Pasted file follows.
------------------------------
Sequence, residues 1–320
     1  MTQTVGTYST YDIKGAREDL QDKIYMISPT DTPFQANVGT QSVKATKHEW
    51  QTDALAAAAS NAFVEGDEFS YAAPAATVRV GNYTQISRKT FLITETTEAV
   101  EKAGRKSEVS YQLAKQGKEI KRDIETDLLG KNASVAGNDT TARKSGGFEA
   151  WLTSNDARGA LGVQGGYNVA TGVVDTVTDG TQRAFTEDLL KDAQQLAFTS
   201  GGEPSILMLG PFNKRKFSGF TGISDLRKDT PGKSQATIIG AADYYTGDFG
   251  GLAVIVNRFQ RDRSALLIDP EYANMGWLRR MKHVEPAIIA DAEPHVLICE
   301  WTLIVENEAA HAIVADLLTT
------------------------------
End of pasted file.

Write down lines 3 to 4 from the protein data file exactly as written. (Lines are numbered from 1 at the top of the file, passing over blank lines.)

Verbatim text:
    51  QTDALAAAAS NAFVEGDEFS YAAPAATVRV GNYTQISRKT FLITETTEAV
   101  EKAGRKSEVS YQLAKQGKEI KRDIETDLLG KNASVAGNDT TARKSGGFEA